Censorship on the basis of spirituality frequently involves banning poets’ entire canons or excluding whole movements. Censors target as pagan poetry that recalls or relies on Greek or Roman mythology; such poetry does not uphold Christian values. This argument extends to other mythological constructs, including the occultist work of W. B. Yeats and the Transcendental poetry of Ralph Waldo Emerson. Poems by Emerson (a Christian minister) and others have been found especially objectionable by some because of the Eastern ideas upon which they are based.
Yet more ironic is censorship aimed at the poetry of Christian poets who struggle with the precepts of the Christian religion in order to come to terms with issues of personal faith. John Milton’s Paradise Lost (1667), for example, which states that it seeks “to justify the ways of God to man,” may be denounced as portraying sin and disbelief, because in the poem, Adam and Eve sin and Satan rebels. Although Milton’s book is considered quite conservative by most, the very presence of spiritual doubt and speculation about the mercy of the Christian God is sufficient cause for others to push for its exclusion from high school curricula.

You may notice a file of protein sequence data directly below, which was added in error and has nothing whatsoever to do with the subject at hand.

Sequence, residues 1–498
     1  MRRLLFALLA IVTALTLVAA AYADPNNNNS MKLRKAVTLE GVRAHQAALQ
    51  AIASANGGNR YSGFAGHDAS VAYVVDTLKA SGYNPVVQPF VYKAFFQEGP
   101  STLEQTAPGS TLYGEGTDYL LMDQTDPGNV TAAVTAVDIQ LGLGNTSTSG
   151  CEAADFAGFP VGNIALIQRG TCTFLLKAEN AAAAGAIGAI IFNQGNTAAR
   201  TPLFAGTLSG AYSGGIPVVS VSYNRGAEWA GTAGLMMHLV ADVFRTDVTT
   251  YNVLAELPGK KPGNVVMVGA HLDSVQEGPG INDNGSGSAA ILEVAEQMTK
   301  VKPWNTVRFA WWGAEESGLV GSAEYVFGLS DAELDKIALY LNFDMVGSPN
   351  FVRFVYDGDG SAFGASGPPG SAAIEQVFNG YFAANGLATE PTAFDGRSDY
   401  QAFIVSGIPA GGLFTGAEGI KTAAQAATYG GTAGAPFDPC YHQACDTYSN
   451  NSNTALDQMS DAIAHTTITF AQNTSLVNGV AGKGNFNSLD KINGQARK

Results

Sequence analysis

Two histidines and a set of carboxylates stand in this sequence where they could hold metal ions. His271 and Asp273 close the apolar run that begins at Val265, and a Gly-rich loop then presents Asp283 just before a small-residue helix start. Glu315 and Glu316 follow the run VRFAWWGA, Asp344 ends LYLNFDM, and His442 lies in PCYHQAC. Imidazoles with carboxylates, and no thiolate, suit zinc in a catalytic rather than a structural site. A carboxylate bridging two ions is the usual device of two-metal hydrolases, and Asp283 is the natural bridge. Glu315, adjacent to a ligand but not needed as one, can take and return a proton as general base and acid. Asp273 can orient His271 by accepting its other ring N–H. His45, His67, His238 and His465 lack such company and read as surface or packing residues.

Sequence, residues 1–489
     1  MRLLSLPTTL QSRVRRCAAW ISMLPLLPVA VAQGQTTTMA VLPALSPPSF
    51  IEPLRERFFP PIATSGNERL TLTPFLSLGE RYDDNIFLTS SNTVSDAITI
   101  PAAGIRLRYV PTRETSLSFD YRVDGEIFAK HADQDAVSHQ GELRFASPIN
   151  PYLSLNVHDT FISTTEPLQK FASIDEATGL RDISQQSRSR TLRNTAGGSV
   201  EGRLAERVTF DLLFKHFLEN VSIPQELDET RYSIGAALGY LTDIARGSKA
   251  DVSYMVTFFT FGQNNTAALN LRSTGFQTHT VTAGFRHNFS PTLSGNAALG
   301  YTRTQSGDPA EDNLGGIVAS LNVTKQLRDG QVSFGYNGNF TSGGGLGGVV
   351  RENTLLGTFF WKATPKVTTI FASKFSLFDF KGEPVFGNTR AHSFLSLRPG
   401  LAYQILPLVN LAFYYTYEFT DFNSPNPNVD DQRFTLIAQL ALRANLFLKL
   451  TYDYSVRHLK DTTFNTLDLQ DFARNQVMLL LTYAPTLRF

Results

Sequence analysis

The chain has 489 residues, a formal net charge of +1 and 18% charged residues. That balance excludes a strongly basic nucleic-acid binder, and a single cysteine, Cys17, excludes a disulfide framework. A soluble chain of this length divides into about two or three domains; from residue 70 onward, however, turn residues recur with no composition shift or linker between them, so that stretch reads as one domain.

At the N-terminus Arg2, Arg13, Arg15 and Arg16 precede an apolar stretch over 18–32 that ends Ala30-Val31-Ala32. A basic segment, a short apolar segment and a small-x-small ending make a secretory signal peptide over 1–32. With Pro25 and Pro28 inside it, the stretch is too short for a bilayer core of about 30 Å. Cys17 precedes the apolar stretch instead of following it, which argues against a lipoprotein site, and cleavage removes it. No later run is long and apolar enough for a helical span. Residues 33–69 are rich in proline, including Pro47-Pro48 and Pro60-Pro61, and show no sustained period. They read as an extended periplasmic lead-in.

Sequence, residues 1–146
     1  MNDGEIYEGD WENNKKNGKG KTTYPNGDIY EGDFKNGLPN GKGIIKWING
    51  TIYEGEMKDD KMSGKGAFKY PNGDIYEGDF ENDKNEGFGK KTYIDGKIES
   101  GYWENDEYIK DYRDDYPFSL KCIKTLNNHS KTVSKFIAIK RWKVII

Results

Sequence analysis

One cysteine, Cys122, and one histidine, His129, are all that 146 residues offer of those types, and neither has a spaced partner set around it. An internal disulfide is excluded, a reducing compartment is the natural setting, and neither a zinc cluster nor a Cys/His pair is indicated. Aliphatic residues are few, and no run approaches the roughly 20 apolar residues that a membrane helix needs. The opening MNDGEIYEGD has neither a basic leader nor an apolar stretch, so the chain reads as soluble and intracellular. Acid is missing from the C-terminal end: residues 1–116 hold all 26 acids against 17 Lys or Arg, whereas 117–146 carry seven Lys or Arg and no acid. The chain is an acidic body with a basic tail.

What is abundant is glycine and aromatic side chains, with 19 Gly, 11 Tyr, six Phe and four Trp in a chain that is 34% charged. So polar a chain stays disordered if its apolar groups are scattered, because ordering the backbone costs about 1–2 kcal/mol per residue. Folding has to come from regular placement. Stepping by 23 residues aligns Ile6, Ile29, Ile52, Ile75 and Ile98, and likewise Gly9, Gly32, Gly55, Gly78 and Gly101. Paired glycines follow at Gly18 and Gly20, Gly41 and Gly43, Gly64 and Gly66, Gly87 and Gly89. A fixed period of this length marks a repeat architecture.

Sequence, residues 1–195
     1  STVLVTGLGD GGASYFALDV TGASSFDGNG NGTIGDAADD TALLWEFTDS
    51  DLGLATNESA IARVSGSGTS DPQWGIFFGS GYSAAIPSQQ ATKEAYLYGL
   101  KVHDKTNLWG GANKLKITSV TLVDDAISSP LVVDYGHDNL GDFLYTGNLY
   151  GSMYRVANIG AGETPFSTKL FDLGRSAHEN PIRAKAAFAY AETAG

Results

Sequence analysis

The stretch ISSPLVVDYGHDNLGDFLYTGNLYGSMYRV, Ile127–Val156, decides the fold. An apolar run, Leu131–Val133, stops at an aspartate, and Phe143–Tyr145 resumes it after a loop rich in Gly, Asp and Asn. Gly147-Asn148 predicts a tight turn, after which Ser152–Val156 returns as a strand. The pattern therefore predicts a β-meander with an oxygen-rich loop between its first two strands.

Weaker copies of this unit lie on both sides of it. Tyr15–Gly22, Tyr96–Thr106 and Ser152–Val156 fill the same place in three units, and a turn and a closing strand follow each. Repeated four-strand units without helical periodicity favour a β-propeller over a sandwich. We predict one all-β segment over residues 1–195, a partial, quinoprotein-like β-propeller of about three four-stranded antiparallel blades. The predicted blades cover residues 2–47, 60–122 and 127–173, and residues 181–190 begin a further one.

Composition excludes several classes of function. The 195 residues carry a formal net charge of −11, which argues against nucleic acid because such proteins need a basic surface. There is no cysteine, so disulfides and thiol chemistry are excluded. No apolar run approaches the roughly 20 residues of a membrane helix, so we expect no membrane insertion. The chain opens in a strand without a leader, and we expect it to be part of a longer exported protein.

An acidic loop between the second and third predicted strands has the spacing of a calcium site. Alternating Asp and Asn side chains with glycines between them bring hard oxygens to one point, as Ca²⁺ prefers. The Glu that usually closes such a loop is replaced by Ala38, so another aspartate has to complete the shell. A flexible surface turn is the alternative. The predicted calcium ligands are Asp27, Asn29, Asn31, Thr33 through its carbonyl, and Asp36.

People who resist any questioning of religious faith especially object to many works of the late Victorian and early modern periods. Thomas Hardy (who was educated with an eye to the priesthood) and Gerard Manley Hopkins (an ordained Jesuit priest) are two British poets who express the despair that resulted from a society’s theological underpinning being thrown into doubt by scientific advances. The kind of spiritual agony that Hopkins depicts in his “terrible sonnets,” for example, is anathema to some censors. Those who argue for the inclusion of this sort of poetry in high school curricula claim that the very intensity of Hopkins’ questioning indicates a mature spirituality—one not based on naïve acceptance of what a person has been taught to believe. Hardy, in addition to his open expression of religious doubt, makes fun of Victorian, Christian sexual mores in his poetry. Furthermore, some of the poetry of Algernon Charles Swinburne, for example, would likely draw criticism at even the most liberal high school.